Anyway this issue seems to have gone the way off canon vs nikon, 3rd party lenses vs nikon blah blah. People will use works best for them and what they shoot.



May 03, 2013 at 11:51 AM
Andre Labonte
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p.5 #19 · p.5 #19 · Oh, AF-ON... where have you been all my life?


Avi B wrote:
Well the pro bodies have AE-L in addition to AFON as separate buttons... At least on the landscape orientation.



That is one thing I do find annoying; that the battery grips do not have the same buttons available as the main body. Having two programmable buttons for the thumb in both orientations would be rather nice.



May 03, 2013 at 11:52 AM
Mark_L
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p.5 #20 · p.5 #20 · Oh, AF-ON... where have you been all my life?


afm901 wrote:
Yeah, the Pros are known for doing what is not "best". And Nikon and Canon encourage them to do what is not "best" by providing an AF-On button on all their pro and semi-pro cameras.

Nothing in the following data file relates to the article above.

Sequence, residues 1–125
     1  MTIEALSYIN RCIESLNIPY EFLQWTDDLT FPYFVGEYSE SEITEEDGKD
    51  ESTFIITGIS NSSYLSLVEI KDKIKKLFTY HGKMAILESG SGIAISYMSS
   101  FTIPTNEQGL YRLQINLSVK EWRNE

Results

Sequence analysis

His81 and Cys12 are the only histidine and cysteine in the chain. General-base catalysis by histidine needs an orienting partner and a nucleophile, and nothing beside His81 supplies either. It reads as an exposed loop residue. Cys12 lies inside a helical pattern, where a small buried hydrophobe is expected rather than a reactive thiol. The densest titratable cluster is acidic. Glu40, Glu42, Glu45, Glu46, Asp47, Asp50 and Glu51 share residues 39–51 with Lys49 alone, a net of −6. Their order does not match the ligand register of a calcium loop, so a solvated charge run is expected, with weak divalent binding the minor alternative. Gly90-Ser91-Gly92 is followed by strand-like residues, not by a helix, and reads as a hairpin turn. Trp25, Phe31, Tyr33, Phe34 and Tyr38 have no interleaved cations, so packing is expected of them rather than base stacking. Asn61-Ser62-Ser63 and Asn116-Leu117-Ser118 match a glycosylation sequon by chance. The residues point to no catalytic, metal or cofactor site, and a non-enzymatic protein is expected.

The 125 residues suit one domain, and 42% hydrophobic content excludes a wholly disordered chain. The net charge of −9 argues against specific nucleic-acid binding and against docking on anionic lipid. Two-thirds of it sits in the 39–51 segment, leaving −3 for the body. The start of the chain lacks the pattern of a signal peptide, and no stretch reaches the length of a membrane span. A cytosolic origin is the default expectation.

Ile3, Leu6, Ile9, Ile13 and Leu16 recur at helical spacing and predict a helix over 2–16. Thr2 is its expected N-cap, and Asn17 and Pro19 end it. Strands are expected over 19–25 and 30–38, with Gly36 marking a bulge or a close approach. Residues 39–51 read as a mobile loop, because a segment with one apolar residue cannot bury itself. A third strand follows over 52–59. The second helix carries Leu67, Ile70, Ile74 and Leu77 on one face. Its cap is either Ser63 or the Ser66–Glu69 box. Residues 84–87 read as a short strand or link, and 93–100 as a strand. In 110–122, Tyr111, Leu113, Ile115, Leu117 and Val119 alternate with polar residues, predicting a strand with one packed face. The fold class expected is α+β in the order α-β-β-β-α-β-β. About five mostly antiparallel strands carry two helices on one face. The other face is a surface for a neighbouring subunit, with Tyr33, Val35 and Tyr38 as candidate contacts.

That has to be the funniest and lamest justification I have ever read here.

Scott


Tbh I agree, just because you are a pro doesn't mean you are better technically than an amateur. Just watch many of the creativeLIVE courses by well-known pros and some of the questionable gear knowledge and technical advice issued.

Anyway this issue seems to have gone the way off canon vs nikon, 3rd party lenses vs nikon blah blah. People will use works best for them and what they shoot.



May 03, 2013 at 11:53 AM